Bojay ignored that trace of an expensive education and devoted himself to prolonging the moan it had turned into, nibbling gently while his fingers teased. There were no more words then, just sounds, panting "ohs" and moans that finally culminated in a howl as he came, shuddering under Bojay's hands holding his hips.

And then his fingers were preparing the way and the man found words again. "Yes," he said, "gods, yes, now. Please," and then they were both beyond words.

After, as they again defied custom and held each other, the man drifted into sleep. Bojay lay awake a while, listening in the darkness to the heartbeat under his ear, like music. It had been a long time since he'd heard music, or perhaps more truthfully since he'd listened to it. He'd gone through all the motions, going to the O Club and, since the Peggy was lost, here to the Star as was expected, even here to the Club, and there was always music. But all he'd noticed for a long time was the liquor. And then the men. And now the man... But music was in his blood, and now the blood of the man he was beginning to fear he couldn't do without was singing a song to him, a song he hadn't thought of in yahrens.

You know it's true: there's not much you can do, but just try and ride it through... Bojay sighed to himself and felt the other man's arm tighten a bit, as if even asleep he was attuned to his bedmate. The rest of the song played in his head, sad and yet hopeful: ...and let love carry you, 'cause only love can bring you down, and only love brings you back around... With every drop of life inside us and every heart we've left behind us, everywhere you'll find it's only love, only love...

"Maybe so," he whispered into the blackness.


Boomer came into the ready room carrying the files Apollo had wanted to look at and found Athena chatting with Starbuck. He was slouched in a chair looking up at her where she was sitting on the edge of the table leaning back on her braced arms. Her dark hair was piled on her shoulders like a cloud. It wasn't black like her brother's or father's but a dusky brown; the day of the fire, when he'd suddenly realized exactly how wonderful she was, how brave and how beautiful, it had reminded him of a stellar cloud. Today it still did, but for some reason she looked less like a woman and more like an icon, hair like a nebula and eyes like young stars, pale and cold and far away. He stood in the doorway and slowly accepted the fact that for some sectons now she'd been getting colder and farther away from him without actually doing anything to become that way. In fact, the only time she seemed a woman of flesh and blood, someone warm and close, was when they were making love. Even afterwards, even if she stayed inside his arms, she seemed to ebb away like a tide following a call too strong for him to overcome.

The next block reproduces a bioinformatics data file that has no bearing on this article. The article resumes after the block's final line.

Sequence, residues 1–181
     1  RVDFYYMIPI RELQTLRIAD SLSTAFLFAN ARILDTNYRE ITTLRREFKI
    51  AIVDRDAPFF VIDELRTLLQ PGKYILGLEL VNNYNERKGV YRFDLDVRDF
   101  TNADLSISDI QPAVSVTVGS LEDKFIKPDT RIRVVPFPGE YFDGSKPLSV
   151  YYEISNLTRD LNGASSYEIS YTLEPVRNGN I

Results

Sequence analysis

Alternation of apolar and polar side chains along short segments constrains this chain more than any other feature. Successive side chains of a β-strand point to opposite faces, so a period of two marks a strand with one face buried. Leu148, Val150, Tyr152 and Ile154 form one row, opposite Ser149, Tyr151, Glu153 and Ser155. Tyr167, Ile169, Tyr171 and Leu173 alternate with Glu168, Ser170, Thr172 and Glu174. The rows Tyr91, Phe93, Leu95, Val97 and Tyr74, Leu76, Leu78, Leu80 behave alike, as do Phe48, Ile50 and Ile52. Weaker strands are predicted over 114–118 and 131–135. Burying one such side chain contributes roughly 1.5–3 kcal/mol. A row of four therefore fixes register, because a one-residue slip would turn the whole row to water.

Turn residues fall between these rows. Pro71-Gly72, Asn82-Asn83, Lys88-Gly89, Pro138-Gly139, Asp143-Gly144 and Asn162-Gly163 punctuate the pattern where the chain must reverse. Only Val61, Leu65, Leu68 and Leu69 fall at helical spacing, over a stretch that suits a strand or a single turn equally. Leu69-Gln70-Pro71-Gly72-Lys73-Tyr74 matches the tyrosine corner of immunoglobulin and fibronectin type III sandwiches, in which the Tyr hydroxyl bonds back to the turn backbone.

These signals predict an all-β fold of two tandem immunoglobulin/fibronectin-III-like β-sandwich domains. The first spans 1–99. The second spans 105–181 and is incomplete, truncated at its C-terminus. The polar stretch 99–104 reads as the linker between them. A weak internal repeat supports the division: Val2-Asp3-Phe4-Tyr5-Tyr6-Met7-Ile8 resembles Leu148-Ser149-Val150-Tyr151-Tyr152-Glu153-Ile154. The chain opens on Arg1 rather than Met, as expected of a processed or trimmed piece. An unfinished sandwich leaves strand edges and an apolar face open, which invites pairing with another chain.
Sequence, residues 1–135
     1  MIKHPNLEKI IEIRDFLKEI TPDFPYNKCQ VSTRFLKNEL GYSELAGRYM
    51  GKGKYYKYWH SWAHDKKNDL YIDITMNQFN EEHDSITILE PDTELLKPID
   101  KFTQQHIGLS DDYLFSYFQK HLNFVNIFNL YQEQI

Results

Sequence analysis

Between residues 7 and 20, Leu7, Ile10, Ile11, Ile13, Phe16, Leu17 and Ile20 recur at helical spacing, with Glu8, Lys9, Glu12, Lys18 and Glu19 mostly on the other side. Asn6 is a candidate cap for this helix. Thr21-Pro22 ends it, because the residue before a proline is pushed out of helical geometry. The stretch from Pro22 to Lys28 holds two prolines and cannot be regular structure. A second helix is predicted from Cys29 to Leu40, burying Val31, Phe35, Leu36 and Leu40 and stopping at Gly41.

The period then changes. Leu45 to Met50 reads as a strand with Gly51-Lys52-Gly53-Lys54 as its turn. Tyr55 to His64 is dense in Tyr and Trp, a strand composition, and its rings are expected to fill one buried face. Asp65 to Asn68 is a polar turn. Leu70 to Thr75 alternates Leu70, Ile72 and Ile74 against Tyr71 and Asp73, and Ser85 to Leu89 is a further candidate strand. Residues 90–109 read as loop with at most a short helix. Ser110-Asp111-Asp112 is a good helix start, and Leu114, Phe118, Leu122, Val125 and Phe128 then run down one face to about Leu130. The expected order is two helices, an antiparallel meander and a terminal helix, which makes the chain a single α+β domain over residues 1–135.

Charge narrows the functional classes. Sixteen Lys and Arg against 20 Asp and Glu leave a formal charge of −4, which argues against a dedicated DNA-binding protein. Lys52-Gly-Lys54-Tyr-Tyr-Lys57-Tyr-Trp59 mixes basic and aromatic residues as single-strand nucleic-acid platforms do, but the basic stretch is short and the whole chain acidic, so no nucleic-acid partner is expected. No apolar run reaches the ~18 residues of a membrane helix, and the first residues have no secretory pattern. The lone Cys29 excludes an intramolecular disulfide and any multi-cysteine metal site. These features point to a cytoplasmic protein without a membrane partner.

She was closer to Starbuck right now than she'd been to him in a long time.

As he watched, she laughed at something the blond said, tilting her head back in abandon. Then, as her laughter subsided and she shook her head slightly, she caught sight of him. The smile stayed, but in his hyper-sensitive mood he was sure it had become a little forced. "Oh, hi, lammie-boo," she said, straightening and holding out her hand to him.

He crossed to them, glad his hands were full so he didn't have to return the hug she'd have offered otherwise; she'd been getting more publicly demonstrative at the same time that she was withdrawing. He wondered if she felt he was the one receding. He smiled. "Hi. The colonel know you're off the bridge?"

Her smile turned into something more real. "Yes," she said. "More to the point, so does Omega. But I'm just about out of time, so I'm glad you showed up. I was telling Starbuck, Cassie thought it would be nice for the four of us to have dinner for a change. It's too late for reservations anywhere, but the O Club is a nice place to eat, too. So I said yes, unless you've got something else?"

For a couple of microns he thought about saying no. But there wasn't any good reason to, and Starbuck knew that, and dinner with Starbuck and Cassie would be fun... "Sounds good to me," he said.

"Great," she smiled. "We'll see you tonight, then."

They watched her walk out and then Starbuck said, "Sorry. She set it up with Cass, so I couldn't say no."

"Sorry?" Boomer blinked at him, genuinely unsure what he was apologizing for.

"You look like you'd rather dine a deux."

"No, I don't mind dinner with you two."

"Really?" Starbuck eyed him with the speculative look Boomer had learned to fear yahrens ago. He started to say he needed to get to Apollo's office but Starbuck spoke before he could. "Look, buddy, for a guy who's started dropping by the BOQ just to change clothes—"

"That's a gross exaggeration!"

"Yeah? Maybe," Starbuck admitted, and then closed in for the kill. "But you said it: it's an exaggeration, not a fiction. And you know what? That usually makes a guy happy. And you're not happy."

Boomer cursed the fate that had given him a friend with eyes like a raptor and the hunting instincts of a pardos. Sure, Starbuck was a much better friend than enemy, and Boomer had always been very fond of him, but sometimes he wished the blond was just a little denser, a little less observant, and a lot less inclined to meddle.


On the other hand, he did want someone to feel sorry for him, someone to listen to him—the role that was his so often, few people seemed to guess he might like to switch places once in a while. And the couple of times he'd unloaded on Starbuck, he'd never breathed a word of it to anyone else. Boomer hesitated, and then met the skeptical, worried blue eyes staring at him and sighed loudly. "I've been happier, that's a fact."

"Hah! I knew it. I don't understand it, but I knew it. So, you and me and grog after we get off."

"What about dinner?"

"Nice try, but we get off at two and nobody eats dinner at two. Well, nobody except weirdish fighter pilots. But Ops is offset by two centares, as you well know, and Cass is on till six, I think, this secton—"

"You think?" he asked.